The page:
Applied Biosystems Reagents Improve Data Quality of Real-Time PCR Applications
Product News Apr 04, 2007
Applied Biosystems has announced the release of two new application-specific master mix reagents designed to improve data quality of real-time.
The TaqMan® Gene Expression Master Mix and TaqMan® Genotyping Master Mix reagents have been formulated to provide researchers high-quality data, resulting in a better picture of how nucleic acids (DNA, RNA) impact important biological processes.
By matching the right master mix reagent, staple chemical components necessary for performing real-time PCR reactions, with the kind of application for which the reagent was designed, researchers can boost the performance of either single nucleotide polymorphism (SNP) genotyping or quantitative real-time PCR applications, compared with how these kinds of assays perform with other master mix chemistries.
Applied Biosystems developed the TaqMan Gene Expression Master Mix so that researchers can efficiently and effectively detect a broad range of nucleic acid targets in analyzed samples.
When used in conjunction with TaqMan Gene Expression Assays, this new master mix reagent results in highly-sensitive assays, making it possible for researchers to detect a single copy of target nucleic acid present in a sample; even if that target is a poorly or rarely expressed gene.
Use of highly-sensitive assays helps researchers to better understand how gene activity influences biological processes.
For genotyping applications, the TaqMan Genotyping Master Mix, used in conjunction with TaqMan SNP Genotyping Assays, helps researchers to accurately identify DNA sequence variations by generating data with distinct well-separated clusters of different sequence variants.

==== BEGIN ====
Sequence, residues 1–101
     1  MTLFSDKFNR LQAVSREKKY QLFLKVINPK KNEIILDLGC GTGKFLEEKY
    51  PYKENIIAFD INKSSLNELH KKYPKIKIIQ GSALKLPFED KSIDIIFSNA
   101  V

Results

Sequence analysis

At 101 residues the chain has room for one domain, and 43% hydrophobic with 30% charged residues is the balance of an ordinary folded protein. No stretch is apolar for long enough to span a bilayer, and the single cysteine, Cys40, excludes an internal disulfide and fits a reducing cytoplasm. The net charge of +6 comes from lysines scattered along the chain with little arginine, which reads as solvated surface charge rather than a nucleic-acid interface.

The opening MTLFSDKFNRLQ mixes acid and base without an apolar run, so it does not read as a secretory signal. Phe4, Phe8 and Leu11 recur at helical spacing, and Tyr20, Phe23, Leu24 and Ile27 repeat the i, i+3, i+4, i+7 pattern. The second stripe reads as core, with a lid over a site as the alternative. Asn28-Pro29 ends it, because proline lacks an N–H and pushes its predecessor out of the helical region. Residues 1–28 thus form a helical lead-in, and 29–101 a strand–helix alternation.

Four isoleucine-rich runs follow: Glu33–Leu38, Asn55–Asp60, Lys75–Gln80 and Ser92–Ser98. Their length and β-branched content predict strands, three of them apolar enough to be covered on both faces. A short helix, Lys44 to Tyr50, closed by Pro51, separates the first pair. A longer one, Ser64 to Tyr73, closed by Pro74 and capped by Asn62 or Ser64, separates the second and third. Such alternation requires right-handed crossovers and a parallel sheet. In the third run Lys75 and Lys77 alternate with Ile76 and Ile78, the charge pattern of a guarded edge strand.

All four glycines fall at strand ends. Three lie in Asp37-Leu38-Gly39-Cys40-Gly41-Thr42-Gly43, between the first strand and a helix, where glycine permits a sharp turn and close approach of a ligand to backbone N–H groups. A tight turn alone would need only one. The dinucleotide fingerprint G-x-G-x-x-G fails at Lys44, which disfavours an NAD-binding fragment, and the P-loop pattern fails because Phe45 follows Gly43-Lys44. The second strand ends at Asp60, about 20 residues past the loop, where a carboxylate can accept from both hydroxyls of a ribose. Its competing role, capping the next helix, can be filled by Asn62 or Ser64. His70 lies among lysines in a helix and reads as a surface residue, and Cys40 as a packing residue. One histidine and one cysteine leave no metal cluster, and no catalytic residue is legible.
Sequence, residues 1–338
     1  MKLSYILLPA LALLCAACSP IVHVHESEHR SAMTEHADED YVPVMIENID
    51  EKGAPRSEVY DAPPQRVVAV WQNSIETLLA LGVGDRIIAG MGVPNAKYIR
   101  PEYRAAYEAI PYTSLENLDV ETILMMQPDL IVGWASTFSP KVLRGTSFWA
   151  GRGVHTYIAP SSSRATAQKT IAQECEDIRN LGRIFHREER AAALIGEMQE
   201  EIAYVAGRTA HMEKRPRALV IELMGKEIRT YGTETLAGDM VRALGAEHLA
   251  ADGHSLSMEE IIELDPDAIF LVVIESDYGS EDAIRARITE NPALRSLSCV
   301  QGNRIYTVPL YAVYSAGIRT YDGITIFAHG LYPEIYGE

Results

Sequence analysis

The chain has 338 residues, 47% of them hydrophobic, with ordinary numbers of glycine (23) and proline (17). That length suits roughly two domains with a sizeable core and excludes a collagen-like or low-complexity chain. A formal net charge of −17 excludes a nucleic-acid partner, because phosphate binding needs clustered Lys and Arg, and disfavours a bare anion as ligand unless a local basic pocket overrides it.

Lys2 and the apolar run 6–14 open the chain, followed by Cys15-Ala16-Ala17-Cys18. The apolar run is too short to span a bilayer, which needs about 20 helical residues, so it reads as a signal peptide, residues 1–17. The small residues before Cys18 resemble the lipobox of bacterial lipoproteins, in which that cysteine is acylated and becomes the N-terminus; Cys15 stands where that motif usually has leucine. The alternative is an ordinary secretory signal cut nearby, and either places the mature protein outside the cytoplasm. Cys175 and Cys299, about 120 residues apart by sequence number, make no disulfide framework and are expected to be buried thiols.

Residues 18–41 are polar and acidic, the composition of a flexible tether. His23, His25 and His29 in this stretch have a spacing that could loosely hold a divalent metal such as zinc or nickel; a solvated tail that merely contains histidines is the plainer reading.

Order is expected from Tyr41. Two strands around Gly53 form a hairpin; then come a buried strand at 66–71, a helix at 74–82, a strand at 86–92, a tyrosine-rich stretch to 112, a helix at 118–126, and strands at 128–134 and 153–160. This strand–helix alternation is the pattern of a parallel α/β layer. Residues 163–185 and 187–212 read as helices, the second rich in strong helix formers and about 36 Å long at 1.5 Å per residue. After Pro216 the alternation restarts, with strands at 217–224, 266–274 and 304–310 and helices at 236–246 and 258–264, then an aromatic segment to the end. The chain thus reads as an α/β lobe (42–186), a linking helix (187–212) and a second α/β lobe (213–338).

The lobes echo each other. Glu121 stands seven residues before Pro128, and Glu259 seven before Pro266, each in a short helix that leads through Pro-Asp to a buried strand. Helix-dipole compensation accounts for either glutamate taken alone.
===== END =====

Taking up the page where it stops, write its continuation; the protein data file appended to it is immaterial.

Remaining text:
They can then effectively assess how small variations in DNA sequence impact key biological processes.
For gene expression studies, and other quantitative real-time PCR applications, the TaqMan Gene Expression Master Mix helps researchers to effectively compare changes in the expression levels of genes from a wide variety of samples, including diseased and healthy tissues, which requires efficient use of limited quantities of starting sample.
Researchers can also accurately differentiate between targets of similar DNA or RNA sequences, and detect two separate DNA targets in the same tube, which increases the number of samples that can be processed in a single experiment.
“The development of these master mixes with new enzymes demonstrates Applied Biosystems’ continued strategic focus on bringing high-quality, application-specific solutions for real-time PCR to market,” said Mark Stevenson, president for Applied Biosystems’ molecular and cell biology division.
“Our customers are continuing to derive new applications from their real-time PCR instrument systems; therefore, it is important that we continue to play a leading role in providing them with differentiated consumables that are tailored to their specific scientific objectives.”